Are you going to be ripping the components to any form of smaller width at some point? I'm only saying because if you're planning to get 2 150mm boards out of the 320mm board it's worth ripping it first so you don't have to deal with such a large cup. I tend to cut things to rough length and width first and then plane them up.

I'm not much of a hand tool woodworker so I won't comment on how to convert your plane into a scrubber but it shouldn't take too long with an oil stone or even a bit of sandpaper to give a decent radius edge to the iron.
The planks are for hardboard of a bed. So I am going to rip them down to 30 cm and edge join them.

I tried a 80 grit sand papers but ripped the paper with less the 0.5 mm taken off the cutting iron edge.
 

lurker

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Old wood planes make excellent scrub planes.
I have a few that need a bit of work but would do the job
You can have one if you collect it.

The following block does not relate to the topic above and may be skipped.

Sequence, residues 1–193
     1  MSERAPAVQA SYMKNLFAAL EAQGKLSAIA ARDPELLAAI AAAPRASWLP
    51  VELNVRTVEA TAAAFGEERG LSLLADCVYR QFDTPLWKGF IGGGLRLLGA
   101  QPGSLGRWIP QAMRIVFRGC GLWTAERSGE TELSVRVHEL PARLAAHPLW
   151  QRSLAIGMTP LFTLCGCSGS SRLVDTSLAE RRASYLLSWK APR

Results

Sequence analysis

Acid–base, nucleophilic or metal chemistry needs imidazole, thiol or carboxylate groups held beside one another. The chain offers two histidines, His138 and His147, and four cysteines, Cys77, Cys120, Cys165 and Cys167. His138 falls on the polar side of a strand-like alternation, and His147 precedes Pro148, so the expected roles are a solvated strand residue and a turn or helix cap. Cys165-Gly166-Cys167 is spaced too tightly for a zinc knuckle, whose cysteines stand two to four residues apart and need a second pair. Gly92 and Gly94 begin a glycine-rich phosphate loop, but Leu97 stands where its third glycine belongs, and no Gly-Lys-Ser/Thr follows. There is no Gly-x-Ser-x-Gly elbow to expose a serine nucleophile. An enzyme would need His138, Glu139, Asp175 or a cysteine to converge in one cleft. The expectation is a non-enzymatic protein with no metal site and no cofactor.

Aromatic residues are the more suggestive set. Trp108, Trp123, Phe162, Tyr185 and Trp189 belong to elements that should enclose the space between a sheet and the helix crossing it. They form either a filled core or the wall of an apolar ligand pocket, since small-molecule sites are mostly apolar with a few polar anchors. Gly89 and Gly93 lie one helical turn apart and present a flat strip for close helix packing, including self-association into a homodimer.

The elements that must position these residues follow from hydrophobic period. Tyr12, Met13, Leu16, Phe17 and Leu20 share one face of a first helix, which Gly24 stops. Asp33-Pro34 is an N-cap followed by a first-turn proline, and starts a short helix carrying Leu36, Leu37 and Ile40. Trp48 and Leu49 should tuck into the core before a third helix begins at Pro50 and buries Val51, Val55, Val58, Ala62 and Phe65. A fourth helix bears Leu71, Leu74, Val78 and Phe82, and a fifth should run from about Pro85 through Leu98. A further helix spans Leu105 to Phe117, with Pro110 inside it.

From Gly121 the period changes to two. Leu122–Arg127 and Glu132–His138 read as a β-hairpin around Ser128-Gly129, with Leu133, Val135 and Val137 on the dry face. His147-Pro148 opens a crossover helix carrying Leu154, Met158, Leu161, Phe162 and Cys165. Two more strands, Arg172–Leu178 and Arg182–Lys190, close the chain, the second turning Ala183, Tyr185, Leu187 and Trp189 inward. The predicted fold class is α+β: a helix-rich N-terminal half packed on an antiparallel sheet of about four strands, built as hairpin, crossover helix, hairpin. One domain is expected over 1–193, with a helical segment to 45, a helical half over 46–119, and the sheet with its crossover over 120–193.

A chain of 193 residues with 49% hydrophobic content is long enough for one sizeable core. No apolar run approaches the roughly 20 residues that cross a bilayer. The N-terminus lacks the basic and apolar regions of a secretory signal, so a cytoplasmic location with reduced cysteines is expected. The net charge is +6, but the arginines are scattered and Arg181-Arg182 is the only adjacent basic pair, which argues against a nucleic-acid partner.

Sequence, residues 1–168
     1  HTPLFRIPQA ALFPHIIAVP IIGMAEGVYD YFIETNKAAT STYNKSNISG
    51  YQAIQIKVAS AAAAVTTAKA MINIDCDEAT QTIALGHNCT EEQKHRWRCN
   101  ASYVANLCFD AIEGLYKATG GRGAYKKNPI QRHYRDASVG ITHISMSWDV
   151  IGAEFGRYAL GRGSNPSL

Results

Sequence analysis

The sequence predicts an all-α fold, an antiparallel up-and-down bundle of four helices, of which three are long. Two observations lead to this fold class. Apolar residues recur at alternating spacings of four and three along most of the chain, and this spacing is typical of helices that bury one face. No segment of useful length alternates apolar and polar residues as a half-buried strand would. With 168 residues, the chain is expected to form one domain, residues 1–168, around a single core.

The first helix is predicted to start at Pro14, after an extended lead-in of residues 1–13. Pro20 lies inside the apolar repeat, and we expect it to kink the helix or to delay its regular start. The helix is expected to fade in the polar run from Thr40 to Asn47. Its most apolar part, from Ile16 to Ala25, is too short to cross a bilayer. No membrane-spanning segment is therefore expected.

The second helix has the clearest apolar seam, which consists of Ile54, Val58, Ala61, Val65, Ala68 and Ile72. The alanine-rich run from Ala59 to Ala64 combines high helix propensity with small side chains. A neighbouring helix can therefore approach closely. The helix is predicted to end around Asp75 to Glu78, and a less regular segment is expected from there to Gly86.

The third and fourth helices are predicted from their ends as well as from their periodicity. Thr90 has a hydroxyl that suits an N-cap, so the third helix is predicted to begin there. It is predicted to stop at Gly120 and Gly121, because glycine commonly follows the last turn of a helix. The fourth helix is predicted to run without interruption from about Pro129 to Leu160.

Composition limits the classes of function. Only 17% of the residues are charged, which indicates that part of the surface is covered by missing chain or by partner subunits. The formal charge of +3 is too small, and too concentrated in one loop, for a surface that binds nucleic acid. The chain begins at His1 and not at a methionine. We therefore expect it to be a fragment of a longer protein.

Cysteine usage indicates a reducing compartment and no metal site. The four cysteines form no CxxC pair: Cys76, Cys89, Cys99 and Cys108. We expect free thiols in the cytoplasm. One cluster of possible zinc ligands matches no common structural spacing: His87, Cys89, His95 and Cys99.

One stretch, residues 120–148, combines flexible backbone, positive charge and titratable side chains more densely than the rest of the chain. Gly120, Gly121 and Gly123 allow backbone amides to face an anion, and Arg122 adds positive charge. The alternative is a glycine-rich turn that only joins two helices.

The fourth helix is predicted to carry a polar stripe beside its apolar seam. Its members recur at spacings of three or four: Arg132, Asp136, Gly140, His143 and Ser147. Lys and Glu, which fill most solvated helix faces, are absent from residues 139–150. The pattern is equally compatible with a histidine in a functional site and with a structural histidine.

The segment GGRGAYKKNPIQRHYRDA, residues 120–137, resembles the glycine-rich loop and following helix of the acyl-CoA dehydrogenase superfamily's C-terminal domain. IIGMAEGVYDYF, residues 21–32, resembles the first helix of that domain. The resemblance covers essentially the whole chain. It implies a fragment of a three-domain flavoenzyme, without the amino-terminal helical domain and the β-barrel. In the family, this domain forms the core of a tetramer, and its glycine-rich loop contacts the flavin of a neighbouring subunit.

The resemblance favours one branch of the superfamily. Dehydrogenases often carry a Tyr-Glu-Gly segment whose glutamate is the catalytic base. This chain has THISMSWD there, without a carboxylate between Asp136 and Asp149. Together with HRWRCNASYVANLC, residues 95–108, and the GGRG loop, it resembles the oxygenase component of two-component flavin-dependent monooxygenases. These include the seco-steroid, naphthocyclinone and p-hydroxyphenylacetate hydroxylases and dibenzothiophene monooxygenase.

If you have your heart set on modifying that silver line I have bench grinders too.

Am 30 - 40 minutes away depending on where you are in Derby.
 

SMALMALEKI

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dzj":2uno7b3c said:
"Most of instructional video clips I have seen seem to have a small cupping which is corrected with one pass of plane. "

Don't worry about it. 8mm isn't something a scrub plane can't manage.

"I have a Silverline no 4 plane which I was thinking of converting to scrub plane."

You can do this, but a Silvereline is one of those entry level planes that can be made to work with a bit of effort as a smoothing plane.
I'd use a beat up wooden Jack plane or something similar for the scrub plane conversion.

I managed to flatten three of planks and take the twist out. I have a true face and both edges are square but it was a time consuming task.
Online clips are 30 minutes and I was expecting to do in 60-90 minutes but it took much longer for each board. And I still have to get them down to the final thickness.

I used my number 5 plane to transverse them. I moved the frog back to give me a better mouth opening. But perhaps a scrub plane would have been faster.

The Silverline is the cheapest one I can experiment with and not feel sorry of it is unsuccessful.